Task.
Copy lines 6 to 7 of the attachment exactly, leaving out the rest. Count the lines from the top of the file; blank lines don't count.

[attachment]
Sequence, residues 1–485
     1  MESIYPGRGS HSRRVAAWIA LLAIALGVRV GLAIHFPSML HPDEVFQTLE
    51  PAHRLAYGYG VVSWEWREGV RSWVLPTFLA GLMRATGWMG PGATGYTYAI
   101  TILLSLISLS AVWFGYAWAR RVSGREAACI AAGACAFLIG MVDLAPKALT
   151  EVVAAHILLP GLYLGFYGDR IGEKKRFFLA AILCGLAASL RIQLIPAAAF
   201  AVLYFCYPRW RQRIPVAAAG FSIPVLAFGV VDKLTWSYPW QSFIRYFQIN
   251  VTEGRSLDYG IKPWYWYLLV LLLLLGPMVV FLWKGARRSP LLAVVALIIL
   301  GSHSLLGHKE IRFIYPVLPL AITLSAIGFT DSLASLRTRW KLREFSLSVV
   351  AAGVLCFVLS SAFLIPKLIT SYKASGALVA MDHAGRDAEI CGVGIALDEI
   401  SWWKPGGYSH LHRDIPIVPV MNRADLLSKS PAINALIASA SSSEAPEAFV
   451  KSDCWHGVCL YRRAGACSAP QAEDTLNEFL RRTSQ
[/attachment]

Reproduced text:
   201  AVLYFCYPRW RQRIPVAAAG FSIPVLAFGV VDKLTWSYPW QSFIRYFQIN
   251  VTEGRSLDYG IKPWYWYLLV LLLLLGPMVV FLWKGARRSP LLAVVALIIL